Please read the guidelines thoroughly as this will ensure the production process is a smooth one.
All corrections and improvements to style must be made prior to submission.
Please use the 16th edition of The Chicago Manual of Style (i.e. in-text, author-date) as the default guide for referencing, bibliography, spelling, footnotes and abbreviations. The Purdue guide is a useful one for most contingencies.
Use American spelling, per Webster’s Third New International Dictionary (use the first spelling listed where choices are offered).
Contributors are responsible for clearing permissions from copyright owners for any lengthy quotes. Figures and illustrations will not be used in this volume. Please ask the editors if you have any enquiries about permissions.
For indexing, please submit a list of key words (20-30), series titles, Doctors (e.g. Fifth Doctor, Peter Davison) and major authors.
Chapters must be submitted as a Word attachment to the editors (please send to all three) no later than 1 May 2016.
Use Times New Roman, double-spaced, 1″ margins, 12 pt Times New Roman for all text, including long quotes, notes, and bibliography.
Length is between 5,000 and 8,000 words all notes included.
Do not format via hyphenation or justification programs, but insert hyphens only wherever words must be hyphenated.
Your chapter should be paginated prior to submission using Arabic numerals beginning with the first page of main text running consecutively throughout.
Place periods and commas outside quotation marks.
Paragraphs should be followed by two hard returns, but do not indent new paragraphs.
Use double quotation marks when quoting and when highlighting.
Use American spellings and conventions: change “while” to “whereas” (for non-temporal uses); “since” to “because”; “though” to “although”. Avoid “whilst” and “amongst”.
Should you use special fonts (e.g. Hebrew), you should list the font and filename used.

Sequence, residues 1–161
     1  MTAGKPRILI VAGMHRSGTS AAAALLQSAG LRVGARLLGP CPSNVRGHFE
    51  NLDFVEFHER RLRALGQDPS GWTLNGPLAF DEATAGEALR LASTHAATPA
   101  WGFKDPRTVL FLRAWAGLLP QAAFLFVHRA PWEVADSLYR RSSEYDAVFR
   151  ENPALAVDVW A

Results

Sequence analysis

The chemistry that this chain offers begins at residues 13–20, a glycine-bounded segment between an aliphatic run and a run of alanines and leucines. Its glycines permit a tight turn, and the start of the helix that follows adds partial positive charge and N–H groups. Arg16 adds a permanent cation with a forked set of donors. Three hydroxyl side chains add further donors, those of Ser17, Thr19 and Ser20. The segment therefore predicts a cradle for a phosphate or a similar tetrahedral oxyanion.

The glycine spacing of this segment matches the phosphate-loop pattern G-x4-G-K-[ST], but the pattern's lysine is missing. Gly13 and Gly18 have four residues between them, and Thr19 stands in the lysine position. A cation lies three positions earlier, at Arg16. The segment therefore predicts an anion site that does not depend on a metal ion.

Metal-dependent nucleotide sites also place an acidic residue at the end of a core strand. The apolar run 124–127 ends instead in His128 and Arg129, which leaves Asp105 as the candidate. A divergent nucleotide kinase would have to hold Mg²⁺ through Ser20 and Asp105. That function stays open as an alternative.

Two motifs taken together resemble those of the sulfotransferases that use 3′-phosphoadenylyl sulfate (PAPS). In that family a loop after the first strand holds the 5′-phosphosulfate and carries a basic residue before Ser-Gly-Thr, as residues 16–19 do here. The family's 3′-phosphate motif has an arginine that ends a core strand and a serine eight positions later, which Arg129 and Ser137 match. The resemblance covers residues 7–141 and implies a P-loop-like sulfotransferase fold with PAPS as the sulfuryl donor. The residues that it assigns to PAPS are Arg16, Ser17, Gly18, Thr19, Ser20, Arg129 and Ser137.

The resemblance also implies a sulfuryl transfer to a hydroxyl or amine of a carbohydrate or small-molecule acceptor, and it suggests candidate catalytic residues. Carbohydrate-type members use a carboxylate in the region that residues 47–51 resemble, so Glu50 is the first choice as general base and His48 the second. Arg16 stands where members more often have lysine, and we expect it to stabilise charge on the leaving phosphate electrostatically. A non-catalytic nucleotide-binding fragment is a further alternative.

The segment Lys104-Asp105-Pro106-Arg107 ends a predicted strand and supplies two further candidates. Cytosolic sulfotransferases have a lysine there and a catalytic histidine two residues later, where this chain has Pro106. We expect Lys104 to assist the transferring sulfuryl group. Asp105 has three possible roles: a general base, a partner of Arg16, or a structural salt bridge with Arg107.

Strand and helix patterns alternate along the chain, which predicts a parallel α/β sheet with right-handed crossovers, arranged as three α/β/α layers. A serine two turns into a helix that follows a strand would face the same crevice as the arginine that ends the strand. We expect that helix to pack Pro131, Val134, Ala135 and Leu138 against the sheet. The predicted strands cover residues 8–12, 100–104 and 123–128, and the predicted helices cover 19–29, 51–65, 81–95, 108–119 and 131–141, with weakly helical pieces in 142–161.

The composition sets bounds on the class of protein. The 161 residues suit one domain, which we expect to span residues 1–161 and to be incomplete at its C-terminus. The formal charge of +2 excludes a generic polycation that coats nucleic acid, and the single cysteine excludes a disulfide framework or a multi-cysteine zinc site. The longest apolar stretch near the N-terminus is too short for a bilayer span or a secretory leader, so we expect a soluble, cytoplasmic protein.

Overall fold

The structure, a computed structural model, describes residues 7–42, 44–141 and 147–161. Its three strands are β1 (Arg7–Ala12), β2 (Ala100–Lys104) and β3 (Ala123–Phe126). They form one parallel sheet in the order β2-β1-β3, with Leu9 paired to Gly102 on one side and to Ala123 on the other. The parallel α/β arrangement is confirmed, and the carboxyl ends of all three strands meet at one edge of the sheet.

Use italics for book and journal titles.
Publication details should be listed as follows where applicable: author/editor name(s) and initials; date of publication; book / article title; journal title and volume number; place of publication; publisher; page numbers for chapter or journal articles.
Include access dates for online references as: Available at [url] (Accessed [date]).
For in-text reference use “author-date” e.g. (Appleby, 2014). Include the full as a list at the end of your chapter.
All notes should be embedded with endnotes in Arabic numerals (1, 2, 3 etc)
Use footnotes only for necessary tangential points and avoid where possible.
Please check that the reference list and bibliography include all works cited.
Please check that dates correspond between reference list/bibliography and the in-text reference.
For consistency and with respect to new audiences of Doctor Who, please observe the following:
Please always refer to the Doctor and not abbreviations (Dr. or Dr).
Use TARDIS in preference to Tardis or T.A.R.D.I.S.
Where your chapter refers only to a single Doctor, indicate which iteration and actor in the first instance e.g. The First Doctor (William Hartnell) and subsequently as the Doctor.
When your chapter discusses more than one Doctor, indicate which e.g. The Second Doctor. When discussing a particular Doctor, introduce the relevant actor in the first instance e.g. The Fourth Doctor (Tom Baker).
You should also discuss characters and companions by acknowledging the actor in the first instance.
When your chapter refers to iterations of Doctors or characters outside of accepted canon, please introduce them as above but also indicate that they are non-canonical.
Serials and standalone episodes should be contained within quotation marks with the date (on first reference in the text): “The Romans” (1964) or “The Girl Who Died” (2015). Shows from the program’s initial run should be referred to as serials, with individual episodes numbered 1 through 12 (or individual episode titles in the case of early Hartnell stories).
Please do not use phrases such as ‘Classic Doctor Who’ or ‘Nu Who’ but offer clearer production or reception contexts e.g. the program’s initial run (1963-1989) or since the program’s return (2005).
Nevertheless, there is an unavoidable issue when referring to seasons, since both the original and returned series begin at Season One. For clarity, it is preferred therefore that dates are included. For example, for Jon Pertwee, discuss Season 7 (1970) while for Matt Smith discuss Season 7 (2012).